You may be right that most of the examples of nouns following the V連用形＋物 pattern usually describe the direct object of the verb. But that is far from always the case.
One noteworthy exception that springs to mind is 生き物 (living thing). This would notionally refer to the subject of the verb (e.g. the 私 in 私が生きる), rather than a direct object, which this verb only rarely uses (e.g. 瞬間を生きる meaning 'to live in the moment').
Slightly separately but possibly helpful to your understanding, I think it is worth noting here that there are also many words following this pattern that have very specific interpretations (unlike the examples you gave). For instance, 吸い物 doesn't refer to anything that uses the verb 吸う (e.g. a cigarette); rather, only a dish of a clear broth with ingredients/garnish floating in/on it. EDIT: It seems that I may have had an slightly overly narrow view of the word 吸い物 myself. Please see comments below.
吹き出物, meaning a 'pimple' or a 'rash', is a good example of one noun which sits in the intersection of not being a direct object, and having a specific meaning. A pimple is not a direct object (taking を) of the verb, as the verb 吹き出る (meaning gush out, spout, break out) is intransitive. Similarly, 吹き出物 doesn't correspond to anything that is gushing out e.g. 水が吹き出る.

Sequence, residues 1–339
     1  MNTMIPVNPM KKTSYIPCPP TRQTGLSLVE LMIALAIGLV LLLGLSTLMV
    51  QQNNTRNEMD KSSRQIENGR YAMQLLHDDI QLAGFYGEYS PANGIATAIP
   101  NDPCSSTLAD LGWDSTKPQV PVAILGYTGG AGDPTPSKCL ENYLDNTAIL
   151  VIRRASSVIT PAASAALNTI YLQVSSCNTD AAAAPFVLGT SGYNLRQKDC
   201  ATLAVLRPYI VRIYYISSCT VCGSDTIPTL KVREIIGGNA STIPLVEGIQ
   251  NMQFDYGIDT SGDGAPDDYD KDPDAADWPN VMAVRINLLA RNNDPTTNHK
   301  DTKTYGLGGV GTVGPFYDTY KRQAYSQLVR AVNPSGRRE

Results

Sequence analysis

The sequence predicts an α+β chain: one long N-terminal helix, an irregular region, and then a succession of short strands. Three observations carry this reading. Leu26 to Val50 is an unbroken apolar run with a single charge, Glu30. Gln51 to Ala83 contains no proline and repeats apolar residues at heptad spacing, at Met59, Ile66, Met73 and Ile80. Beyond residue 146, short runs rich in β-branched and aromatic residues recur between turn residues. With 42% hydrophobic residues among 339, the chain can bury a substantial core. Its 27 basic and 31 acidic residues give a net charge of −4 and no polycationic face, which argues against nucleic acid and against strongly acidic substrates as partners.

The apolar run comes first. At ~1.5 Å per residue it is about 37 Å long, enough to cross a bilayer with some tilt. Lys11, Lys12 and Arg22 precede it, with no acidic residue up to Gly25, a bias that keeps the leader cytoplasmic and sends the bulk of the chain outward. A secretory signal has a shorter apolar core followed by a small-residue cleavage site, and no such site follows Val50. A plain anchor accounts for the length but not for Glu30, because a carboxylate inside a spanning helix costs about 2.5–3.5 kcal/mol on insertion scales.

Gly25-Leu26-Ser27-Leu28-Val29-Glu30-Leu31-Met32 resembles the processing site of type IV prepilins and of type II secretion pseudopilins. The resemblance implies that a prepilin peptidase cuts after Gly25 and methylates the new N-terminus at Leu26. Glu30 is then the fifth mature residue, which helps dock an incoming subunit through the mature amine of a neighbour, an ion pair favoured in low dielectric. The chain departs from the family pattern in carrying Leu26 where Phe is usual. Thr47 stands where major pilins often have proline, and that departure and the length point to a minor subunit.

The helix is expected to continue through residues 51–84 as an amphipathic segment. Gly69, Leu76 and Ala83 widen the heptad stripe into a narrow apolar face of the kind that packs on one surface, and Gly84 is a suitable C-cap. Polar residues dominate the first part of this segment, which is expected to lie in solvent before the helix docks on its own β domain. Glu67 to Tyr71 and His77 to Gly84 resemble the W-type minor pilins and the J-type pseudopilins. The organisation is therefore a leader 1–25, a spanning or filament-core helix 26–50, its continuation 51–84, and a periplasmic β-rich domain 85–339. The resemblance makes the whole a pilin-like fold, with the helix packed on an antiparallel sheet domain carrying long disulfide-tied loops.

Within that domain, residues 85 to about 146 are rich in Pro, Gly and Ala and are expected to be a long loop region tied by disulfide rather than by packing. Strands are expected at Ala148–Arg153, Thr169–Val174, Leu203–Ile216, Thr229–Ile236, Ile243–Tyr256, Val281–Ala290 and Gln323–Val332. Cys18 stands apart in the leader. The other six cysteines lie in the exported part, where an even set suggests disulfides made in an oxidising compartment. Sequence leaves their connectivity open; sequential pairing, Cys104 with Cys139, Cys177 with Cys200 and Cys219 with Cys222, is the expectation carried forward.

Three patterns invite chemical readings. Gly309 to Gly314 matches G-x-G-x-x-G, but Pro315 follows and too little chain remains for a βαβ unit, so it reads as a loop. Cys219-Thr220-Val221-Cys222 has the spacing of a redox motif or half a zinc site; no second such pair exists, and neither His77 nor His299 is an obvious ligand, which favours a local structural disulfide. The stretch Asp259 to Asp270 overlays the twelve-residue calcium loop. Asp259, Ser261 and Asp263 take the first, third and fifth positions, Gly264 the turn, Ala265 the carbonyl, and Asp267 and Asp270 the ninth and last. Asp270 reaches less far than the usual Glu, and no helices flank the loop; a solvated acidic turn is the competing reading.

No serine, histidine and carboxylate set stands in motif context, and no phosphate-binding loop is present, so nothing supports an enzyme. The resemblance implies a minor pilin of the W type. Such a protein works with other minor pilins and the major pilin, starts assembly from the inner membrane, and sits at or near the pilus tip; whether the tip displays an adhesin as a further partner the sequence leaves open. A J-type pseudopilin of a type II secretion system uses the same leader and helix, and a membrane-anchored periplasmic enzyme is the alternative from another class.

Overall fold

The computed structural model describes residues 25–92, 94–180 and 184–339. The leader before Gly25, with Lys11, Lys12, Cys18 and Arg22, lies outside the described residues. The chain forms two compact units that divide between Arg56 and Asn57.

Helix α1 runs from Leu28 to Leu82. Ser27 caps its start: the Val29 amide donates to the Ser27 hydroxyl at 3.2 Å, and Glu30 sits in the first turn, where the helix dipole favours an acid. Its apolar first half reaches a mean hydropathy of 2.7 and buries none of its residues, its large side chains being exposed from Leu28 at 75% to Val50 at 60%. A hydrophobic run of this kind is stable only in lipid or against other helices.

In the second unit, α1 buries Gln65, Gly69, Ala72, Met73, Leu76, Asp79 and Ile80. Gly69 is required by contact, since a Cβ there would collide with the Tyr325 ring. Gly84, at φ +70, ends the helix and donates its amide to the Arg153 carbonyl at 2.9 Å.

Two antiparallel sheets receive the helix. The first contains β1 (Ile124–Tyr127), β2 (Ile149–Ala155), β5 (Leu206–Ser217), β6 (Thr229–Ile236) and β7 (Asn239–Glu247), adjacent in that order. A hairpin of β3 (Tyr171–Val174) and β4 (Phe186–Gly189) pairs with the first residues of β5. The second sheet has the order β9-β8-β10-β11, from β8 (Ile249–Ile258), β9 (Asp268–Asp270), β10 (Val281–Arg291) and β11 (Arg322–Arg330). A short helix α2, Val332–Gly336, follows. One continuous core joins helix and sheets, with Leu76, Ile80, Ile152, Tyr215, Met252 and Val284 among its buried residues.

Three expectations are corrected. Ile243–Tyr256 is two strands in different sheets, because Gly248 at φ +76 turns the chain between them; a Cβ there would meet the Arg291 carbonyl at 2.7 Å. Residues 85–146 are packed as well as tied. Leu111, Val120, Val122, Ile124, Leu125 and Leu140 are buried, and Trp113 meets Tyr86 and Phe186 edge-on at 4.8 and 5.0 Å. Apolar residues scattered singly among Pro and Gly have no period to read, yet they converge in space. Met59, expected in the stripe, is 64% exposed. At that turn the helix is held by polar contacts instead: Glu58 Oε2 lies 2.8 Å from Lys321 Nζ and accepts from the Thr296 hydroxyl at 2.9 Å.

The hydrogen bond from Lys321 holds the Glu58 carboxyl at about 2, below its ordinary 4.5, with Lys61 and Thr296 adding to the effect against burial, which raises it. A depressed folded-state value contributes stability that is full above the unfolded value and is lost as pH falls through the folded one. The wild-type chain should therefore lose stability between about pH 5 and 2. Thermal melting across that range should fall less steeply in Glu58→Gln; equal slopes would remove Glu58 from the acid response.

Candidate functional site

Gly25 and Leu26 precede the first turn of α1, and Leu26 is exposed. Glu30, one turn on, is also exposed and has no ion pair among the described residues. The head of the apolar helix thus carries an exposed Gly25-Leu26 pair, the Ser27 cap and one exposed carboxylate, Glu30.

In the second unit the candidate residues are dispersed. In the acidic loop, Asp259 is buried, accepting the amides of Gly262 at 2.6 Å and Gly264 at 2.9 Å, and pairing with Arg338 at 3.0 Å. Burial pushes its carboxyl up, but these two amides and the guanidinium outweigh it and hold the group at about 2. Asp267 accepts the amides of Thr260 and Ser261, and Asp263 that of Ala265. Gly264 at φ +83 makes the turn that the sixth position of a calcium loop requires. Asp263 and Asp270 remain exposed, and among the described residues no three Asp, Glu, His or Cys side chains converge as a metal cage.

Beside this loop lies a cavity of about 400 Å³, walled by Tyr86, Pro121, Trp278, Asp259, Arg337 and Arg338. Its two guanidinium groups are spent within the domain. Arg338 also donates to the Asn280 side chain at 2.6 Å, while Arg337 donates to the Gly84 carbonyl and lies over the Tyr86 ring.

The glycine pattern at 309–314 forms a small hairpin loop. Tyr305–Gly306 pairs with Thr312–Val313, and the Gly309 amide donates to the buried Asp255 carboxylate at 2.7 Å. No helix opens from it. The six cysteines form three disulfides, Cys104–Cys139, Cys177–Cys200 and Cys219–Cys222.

So, it's not worth, in my opinion, trying to find a strict rule here regarding it being a direct object of the verb, as opposed to some other part of speech. It's rather just that the verb plays some role in the thing involved, and the expression may convey a broad meaning (like 食べ物 or 飲み物) or a more specific one (like 吸い物).